Why Buhari, others still go abroad for medical treatment, by NMA
Association dares FG on threat to sack striking resident doctors
Medical doctors under the aegis of the Nigerian Medical Association (NMA) have faulted President Muhammadu Buhari and other top politicians’ regular medical trips abroad even as they blamed the situation on the poor state of the country’s health institutions.
President of NMA, Dr. Mike O. Ogirima, told The Guardian yesterday that the poor working conditions in the country’s apex health institutions, which has led to the continuous patronage of foreign hospitals by top government officials and increasing medical tourism to hospitals overseas by affluent Nigerians is the major reason why the NMA is backing the strike by the National Association of Resident Doctors (NARD).
Ogirima in a telephone chat threatened to take legal action and also going on strike if necessary if the Federal Government does not back down on its threat of sacking resident doctors who are on strike, which would worsen the health situation in the country.
The NMA President demanded an immediate withdrawal of the threat as contained in circular no. DHS/828/T/199 of January 19, 2017 issued by the Director of Health Services (DHS) of the Federal Ministry of Health to Chief Medical Directors and Medical Directors of Federal Tertiary Hospitals to employ temporary doctors to replace the members of NARD who are currently on a warning strike.
Ogirima said: “We are waiting what will happen by tomorrow, (which is Monday, today). The threat is unproductive. You want to do away with the professionals that are not even sufficient considering the population they serve. If the system is so fantastic why do the president and top government officials still go abroad for medical checks and treatment?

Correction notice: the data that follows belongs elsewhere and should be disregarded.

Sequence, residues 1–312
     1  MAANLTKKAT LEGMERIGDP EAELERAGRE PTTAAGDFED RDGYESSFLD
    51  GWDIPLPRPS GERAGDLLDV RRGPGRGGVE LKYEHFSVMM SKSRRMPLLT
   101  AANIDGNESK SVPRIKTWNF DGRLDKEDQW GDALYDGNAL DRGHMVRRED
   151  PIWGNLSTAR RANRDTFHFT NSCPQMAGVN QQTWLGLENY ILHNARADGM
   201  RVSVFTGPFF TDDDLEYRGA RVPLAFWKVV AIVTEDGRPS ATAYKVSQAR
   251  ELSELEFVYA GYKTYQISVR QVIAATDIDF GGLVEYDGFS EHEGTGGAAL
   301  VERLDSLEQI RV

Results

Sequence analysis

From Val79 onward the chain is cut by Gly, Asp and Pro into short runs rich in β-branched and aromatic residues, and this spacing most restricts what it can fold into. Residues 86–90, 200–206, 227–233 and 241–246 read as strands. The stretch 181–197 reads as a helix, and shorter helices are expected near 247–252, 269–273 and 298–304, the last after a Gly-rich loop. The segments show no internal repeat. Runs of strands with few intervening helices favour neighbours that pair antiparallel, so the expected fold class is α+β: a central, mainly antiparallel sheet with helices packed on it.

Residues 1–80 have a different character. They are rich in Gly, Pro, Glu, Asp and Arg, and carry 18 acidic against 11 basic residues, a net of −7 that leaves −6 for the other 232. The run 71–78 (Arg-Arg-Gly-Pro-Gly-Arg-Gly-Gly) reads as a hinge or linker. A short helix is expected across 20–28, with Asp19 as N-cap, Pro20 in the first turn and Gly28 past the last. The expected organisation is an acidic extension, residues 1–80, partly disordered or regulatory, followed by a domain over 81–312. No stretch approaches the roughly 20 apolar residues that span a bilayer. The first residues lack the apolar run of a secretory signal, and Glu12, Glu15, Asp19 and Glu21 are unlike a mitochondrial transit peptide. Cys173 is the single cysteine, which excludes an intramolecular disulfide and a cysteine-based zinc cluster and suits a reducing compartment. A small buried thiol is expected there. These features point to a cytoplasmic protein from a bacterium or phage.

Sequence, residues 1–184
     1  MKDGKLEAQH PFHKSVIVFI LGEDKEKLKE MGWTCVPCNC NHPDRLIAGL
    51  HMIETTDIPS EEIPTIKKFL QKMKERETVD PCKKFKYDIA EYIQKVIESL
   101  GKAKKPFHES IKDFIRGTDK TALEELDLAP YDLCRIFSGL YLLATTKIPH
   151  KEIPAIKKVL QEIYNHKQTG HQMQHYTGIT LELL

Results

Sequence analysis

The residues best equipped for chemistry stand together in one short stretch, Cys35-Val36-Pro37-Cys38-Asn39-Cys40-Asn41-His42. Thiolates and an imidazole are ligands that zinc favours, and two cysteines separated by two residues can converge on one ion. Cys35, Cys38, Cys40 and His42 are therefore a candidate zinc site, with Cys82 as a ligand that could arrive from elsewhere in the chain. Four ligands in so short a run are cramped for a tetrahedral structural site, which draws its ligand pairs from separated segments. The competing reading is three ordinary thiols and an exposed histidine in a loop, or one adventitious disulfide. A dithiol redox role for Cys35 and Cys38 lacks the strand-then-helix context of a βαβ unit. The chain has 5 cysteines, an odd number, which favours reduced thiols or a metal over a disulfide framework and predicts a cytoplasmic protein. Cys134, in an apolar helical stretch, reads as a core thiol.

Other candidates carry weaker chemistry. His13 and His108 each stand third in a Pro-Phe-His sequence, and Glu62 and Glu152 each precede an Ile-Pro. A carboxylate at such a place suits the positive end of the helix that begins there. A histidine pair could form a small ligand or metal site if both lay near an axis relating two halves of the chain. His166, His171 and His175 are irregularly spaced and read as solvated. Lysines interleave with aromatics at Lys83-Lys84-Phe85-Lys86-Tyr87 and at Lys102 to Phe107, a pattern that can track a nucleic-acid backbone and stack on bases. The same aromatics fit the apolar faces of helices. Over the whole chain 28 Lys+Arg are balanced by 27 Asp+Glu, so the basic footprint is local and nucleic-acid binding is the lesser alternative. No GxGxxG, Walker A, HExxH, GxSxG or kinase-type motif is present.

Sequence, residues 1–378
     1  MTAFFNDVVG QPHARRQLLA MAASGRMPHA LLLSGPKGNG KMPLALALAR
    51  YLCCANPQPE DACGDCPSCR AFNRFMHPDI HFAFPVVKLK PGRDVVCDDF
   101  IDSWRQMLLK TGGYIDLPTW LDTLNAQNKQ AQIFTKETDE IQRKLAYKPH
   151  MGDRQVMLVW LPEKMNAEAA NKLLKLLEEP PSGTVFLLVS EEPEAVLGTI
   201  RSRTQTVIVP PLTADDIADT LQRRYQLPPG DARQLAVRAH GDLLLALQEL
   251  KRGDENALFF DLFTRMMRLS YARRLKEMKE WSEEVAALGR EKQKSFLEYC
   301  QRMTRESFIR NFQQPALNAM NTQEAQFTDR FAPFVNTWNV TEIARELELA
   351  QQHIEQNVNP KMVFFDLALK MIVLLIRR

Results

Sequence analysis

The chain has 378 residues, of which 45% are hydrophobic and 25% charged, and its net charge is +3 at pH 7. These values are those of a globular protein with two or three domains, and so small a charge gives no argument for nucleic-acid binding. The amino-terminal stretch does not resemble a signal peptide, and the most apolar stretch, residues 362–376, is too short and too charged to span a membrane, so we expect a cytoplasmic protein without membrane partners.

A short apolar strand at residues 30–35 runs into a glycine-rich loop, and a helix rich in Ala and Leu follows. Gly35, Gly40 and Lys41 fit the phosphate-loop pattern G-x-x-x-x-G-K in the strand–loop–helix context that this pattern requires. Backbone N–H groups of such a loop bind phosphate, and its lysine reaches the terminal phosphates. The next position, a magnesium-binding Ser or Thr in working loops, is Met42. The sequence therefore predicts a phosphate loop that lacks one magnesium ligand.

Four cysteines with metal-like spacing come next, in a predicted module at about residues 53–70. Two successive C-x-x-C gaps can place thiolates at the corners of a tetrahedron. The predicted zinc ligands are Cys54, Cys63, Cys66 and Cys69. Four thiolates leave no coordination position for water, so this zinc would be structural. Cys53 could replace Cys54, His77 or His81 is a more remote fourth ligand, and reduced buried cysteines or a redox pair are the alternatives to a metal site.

“Sacking of doctors will worsen the situation. If the federal government goes ahead with the threat, we will take full legal action against her; that will include instituting court case and going on strike if it became necessary after meeting with our members.”
The Chief Medical Director, Lagos University Teaching Hospital (LUTH) Idi Araba, Prof. Chris Bode, told The Guardian yesterday that 95 per cent of the resident doctors in the hospital are working.
“Our clinics are running, even the intensive care unit (ICU) is working at full capacity. We have not had course to resort to sacking any doctor. I commend them. However, we will compile the list of the five per cent that are not working and send to appropriate authorities. I also want to commend the consultants who are working.”
The NMA, umbrella body of all doctors in Nigeria and the custodian of the people’s health, has been mediating between the government and NARD to end the lingering crisis by putting the Nigerian health system back on the path to development.